The Party for Socialism and Liberation stands in solidarity with the Cuban revolution and the Cuban people. Our candidates understand that the first real democratic act in Cuba was the overthrow of the U.S.-backed dictatorship of Fulgencio Batista. Despite the blockade, war and terrorist attacks promoted by the U.S. government, the Cuban people and leadership have struggled to build a socialist revolution, which they will continue to develop and defend.

Fidel Castro's statement is not a retirement from the struggle. It is an honest assessment of his physical limitations to hold government office.

Fidel Castro is admired and loved in Cuba and the world over. His legendary courage and profound belief—from the earliest days—in the heroism and capacity of the Cuban people to make history, is what now enables him to retire from his official posts with confidence.

Read his complete statement here:

Friday, February 8, 2008

Hillary’s $5 million donation to Hillary

The media has interpreted Hillary Clinton's $5 million donation of her own money to the Hillary for President campaign as a sign that her campaign has hit rough financial waters.

Maybe so, but I look at it another way. This is the best democracy money can buy. The multi-millionaires compete with each other to demonstrate their compassion when they want people's vote. After the election their real constituents are the biggest corporations and banks.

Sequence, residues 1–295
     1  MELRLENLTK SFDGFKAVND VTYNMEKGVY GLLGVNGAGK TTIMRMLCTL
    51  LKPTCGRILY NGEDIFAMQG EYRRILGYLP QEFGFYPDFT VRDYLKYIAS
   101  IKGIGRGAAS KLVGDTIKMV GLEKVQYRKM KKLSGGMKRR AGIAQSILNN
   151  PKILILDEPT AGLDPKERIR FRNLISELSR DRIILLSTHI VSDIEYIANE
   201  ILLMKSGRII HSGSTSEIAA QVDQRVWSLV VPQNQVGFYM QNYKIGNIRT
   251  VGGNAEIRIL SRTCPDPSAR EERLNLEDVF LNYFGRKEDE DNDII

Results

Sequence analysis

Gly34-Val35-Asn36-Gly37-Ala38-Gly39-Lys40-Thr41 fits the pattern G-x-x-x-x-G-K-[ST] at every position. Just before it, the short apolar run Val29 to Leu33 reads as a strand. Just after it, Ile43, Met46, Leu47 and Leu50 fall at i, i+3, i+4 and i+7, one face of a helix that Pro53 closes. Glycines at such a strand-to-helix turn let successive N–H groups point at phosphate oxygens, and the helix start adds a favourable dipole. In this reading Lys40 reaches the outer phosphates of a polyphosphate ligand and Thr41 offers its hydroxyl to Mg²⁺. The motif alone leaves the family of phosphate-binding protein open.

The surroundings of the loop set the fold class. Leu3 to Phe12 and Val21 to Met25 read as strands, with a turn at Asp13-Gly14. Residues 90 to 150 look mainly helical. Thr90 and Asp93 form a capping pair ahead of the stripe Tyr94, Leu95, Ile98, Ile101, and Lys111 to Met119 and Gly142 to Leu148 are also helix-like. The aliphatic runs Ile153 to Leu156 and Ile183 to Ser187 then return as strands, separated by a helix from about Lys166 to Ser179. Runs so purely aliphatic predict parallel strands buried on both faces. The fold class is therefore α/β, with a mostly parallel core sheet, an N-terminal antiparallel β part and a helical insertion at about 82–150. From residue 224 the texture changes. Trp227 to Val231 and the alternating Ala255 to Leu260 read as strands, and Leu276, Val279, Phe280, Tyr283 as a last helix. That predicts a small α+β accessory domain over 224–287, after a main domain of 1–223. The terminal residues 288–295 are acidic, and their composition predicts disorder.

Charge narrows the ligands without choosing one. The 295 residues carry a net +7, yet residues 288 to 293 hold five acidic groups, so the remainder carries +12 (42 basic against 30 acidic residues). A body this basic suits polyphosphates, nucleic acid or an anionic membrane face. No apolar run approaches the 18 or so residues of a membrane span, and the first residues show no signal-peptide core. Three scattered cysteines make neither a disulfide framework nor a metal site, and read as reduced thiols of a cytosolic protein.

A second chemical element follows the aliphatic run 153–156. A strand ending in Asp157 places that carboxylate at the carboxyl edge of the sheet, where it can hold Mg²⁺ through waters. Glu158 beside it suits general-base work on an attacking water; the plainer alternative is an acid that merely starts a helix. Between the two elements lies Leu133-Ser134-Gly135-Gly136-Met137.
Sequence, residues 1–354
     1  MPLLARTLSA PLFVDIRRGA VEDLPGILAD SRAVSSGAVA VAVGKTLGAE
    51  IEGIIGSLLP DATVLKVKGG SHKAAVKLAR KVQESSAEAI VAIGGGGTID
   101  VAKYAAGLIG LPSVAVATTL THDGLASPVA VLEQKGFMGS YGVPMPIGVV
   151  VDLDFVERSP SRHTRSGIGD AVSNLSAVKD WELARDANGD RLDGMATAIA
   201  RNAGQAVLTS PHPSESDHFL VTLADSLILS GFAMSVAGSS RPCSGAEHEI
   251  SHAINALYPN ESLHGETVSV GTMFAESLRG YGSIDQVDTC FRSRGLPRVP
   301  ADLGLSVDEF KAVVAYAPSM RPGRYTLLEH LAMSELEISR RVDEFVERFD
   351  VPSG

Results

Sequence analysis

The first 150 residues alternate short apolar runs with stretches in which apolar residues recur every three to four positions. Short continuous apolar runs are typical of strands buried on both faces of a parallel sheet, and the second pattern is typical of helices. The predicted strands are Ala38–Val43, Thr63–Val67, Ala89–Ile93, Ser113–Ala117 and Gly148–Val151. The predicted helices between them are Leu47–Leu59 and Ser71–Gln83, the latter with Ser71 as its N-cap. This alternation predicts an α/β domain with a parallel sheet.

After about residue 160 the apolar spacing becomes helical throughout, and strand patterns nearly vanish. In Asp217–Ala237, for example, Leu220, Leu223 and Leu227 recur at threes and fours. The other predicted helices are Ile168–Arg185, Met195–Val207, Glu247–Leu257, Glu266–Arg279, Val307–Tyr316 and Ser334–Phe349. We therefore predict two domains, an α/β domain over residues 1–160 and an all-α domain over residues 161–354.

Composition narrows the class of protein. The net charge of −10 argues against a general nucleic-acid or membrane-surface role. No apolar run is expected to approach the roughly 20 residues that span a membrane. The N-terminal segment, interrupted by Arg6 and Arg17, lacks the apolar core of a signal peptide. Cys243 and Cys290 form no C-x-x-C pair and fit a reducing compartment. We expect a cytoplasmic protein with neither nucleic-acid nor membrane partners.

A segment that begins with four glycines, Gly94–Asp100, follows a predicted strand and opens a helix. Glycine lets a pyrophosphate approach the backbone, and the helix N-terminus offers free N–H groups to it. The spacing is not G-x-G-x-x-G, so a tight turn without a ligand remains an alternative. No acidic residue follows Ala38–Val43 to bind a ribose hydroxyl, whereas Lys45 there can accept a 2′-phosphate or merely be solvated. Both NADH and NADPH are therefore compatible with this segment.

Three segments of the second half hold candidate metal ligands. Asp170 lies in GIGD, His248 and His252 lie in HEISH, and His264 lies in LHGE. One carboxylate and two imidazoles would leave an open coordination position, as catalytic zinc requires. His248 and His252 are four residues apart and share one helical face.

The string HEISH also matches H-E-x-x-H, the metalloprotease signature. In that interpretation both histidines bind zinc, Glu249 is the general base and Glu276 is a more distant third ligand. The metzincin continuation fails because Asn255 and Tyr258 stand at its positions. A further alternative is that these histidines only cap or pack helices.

Unlike Clinton, I won't be able to pony up $5 million for my campaign.

I'm a worker and union leader whose union members are losing their jobs left and right. The workers I represent in the newspaper industry don't have $5 million to spare—much less $50—as the big media CEOs (the friends of Clinton, Obama and McCain) cut thousands of jobs to make obscene fortunes from our labor.

That's why the Party for Socialism and Liberation is petitioning now in rural Mississippi, Louisiana, Florida, so the people can have a real choice in November. We expect to have ballot status in 17 to 20 states.

In Tuesday's California primary, I was the top-finishing socialist candidate on the Peace and Freedom Party, and I am campaigning strongly to win the PFP nomination in the convention this summer.

The twin parties for the rich don't have to struggle to get on the ballot.

Even with full access on all 50 states, the Democrats and Republicans will still be spending well over $1 billion in their campaigns. That's because the candidates of the capitalist parties view politics through the filter of the plutocrats. This election is all about millionaires' and billionaires' money determining the election outcome.

Whether it is Mitt Romney investing $35 million of his personal fortune, or Clinton dipping into her millions and Bill Clinton's post-presidential million-dollar booty, this election is about money and the real power behind that money.

Every one of the Democratic and Republican candidates fully intends to protect the profits of the capitalists if they are elected. It is interesting that the Democrats, both Obama and Clinton, are now the larger recipients of corporate donations than the Republicans. These donations assure the corporations that the next president, whoever it may be, will sit comfortably in their pockets and do their bidding.